Safety Equipment Checklist for Construction Workers

shutterstock 485734309By Jayme Cook

Construction workers constitute between 5 and 10 percent of the workforce in first-world countries and, in the U.S. in particular, it is an industry that requires few qualifications yet offers relatively good pay, possibly even financial security. Construction work, however, is also one of the most physically demanding and potentially dangerous jobs an individual can work. For construction managers, professionals and executives, the safety of their crews is usually a top priority and never far from the front of their minds. To ensure that safety, employers of construction employees that work in dangerous environments should use this checklist of safety equipment items and consider these tips regarding industry concerns and construction safety.

Construction Personal Protective Equipment

Construction Personal Protective Equipment (PPE) is the most fundamental yet most crucial equipment required at any job site. Though the kind of construction jobs that workers perform will dictate more specialized safety equipment, most of the gear is designed to protect a worker's eyes, hearing, face, head, feet and hands.

  • For the eyes and face, face shields or safety glasses should be worn during any task that may result in debris or foreign objects entering the eyes, mouth or nose. Tasks like grinding, welding, nailing and cutting all require the eyes to be shielded, and jobs involving the pouring of concrete or the mixing of hazardous chemicals or materials, any work that involves airborne particles both visible and invisible to the naked eye, should be completed while wearing face masks. Face shields, goggles or safety glasses should also be worn if the employee will be exposed to electrical dangers, like work performed on energized electrical systems.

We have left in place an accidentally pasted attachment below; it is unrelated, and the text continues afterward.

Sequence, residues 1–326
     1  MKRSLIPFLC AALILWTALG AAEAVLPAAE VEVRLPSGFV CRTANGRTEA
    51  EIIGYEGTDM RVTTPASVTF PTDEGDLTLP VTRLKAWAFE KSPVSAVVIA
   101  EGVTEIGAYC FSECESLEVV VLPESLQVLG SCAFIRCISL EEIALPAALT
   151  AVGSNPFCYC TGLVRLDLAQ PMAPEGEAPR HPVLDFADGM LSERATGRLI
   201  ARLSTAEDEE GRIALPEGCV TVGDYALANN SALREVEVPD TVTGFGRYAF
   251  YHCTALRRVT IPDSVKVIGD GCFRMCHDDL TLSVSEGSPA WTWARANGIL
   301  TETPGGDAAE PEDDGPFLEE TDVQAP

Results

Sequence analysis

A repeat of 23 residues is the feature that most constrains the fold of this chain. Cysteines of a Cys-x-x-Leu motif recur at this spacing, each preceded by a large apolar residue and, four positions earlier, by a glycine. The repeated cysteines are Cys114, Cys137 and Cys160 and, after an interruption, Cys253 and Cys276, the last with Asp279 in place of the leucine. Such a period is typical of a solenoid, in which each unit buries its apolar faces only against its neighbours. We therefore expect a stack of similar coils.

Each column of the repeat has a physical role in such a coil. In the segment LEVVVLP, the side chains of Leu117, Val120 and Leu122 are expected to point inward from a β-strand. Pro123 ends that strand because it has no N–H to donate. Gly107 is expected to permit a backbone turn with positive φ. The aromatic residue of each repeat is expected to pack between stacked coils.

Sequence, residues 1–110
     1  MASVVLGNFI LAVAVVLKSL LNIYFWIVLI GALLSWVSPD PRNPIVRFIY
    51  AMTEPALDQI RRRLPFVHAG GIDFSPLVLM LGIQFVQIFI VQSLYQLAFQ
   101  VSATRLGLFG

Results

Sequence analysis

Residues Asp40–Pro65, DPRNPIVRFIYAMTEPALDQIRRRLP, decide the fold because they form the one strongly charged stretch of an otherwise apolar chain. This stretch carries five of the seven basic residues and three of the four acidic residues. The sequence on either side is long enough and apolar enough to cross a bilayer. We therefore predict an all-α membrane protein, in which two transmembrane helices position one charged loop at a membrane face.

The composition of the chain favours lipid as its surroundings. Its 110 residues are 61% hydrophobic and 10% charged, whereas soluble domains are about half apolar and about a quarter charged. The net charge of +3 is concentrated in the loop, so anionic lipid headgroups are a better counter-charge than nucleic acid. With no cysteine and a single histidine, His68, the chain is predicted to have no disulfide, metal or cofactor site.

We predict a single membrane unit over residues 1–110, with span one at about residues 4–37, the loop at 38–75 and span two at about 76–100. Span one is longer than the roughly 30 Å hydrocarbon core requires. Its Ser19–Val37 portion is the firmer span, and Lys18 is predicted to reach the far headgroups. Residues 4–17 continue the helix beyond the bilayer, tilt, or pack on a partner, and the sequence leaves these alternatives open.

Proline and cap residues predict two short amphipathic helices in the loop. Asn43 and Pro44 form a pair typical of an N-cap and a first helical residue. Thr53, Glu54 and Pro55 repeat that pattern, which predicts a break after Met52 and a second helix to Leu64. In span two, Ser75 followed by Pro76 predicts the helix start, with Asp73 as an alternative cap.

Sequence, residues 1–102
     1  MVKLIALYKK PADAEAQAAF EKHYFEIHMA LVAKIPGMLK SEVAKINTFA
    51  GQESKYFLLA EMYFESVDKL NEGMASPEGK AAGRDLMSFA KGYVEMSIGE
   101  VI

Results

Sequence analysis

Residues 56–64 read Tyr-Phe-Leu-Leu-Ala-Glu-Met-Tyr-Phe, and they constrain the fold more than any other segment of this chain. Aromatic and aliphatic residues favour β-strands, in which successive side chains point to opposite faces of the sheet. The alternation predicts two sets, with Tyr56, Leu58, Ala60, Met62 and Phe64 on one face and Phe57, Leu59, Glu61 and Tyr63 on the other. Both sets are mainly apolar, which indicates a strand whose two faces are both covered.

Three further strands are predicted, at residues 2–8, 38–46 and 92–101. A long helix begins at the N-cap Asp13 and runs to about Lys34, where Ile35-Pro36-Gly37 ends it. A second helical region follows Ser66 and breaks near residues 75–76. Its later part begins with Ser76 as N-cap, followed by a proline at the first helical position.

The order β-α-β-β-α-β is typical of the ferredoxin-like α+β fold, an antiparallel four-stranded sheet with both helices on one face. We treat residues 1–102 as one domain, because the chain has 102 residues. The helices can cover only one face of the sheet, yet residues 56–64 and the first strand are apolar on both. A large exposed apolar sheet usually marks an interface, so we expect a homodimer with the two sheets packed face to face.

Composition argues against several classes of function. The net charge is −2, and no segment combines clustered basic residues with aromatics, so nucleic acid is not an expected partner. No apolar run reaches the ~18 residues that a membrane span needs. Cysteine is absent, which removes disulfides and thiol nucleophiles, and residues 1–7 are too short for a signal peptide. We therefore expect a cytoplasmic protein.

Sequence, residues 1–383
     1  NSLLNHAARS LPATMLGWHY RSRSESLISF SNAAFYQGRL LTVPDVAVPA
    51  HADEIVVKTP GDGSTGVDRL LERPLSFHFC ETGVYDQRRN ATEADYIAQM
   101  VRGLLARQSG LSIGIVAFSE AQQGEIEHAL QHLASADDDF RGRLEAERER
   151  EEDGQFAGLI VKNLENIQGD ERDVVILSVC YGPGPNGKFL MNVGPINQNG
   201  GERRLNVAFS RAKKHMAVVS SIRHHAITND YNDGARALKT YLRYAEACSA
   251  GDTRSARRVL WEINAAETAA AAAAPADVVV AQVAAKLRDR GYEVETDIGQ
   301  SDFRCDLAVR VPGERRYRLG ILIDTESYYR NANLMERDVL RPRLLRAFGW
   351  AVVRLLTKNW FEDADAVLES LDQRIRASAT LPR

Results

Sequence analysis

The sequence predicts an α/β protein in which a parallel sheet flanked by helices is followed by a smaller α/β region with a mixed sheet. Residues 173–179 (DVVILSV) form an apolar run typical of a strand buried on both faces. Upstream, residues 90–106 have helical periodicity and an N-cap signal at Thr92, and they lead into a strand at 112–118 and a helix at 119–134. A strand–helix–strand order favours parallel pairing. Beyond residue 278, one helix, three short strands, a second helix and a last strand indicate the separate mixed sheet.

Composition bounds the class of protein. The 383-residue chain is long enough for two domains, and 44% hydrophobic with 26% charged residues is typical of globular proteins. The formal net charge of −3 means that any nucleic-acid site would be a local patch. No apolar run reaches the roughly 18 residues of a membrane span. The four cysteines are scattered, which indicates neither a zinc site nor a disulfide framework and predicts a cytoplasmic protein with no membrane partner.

• Tip: Construction professionals can't afford to be overly frugal when it comes to safety equipment, particularly regarding equipment like safety glasses, which are used every day and are frequently put to the test. The price of not investing in quality products can equate to both worker injury and legal costs. The estimated injury compensation payment for a construction worker is about $7,500 per year, which almost double the payment for employees in alternate industries, just $3,900 annually. So when purchasing quality equipment, and lots of it, a trusted retailer may prove to be an essential ally or corporate partner for owners or managers ordering equipment.
  • To ensure the protection of worker hearing, work performed in "high noise areas," like zones requiring the use of jackhammers, chainsaws or heavy equipment, requires that use of ear muffs or earplugs.
    • Tip: What many employers and employees often forget is that OSHA requires the regular cleaning or replacement of earplugs.
  • Construction workers' feet and toes are regularly injured on job sites where the lifting of heavy objects results in the dropping of heavy objects. Employees should never be on site without the proper footwear specified by OSHA or by individual employers, which usually means slip resistant, puncture resistant shoes or boots with an enforced toe.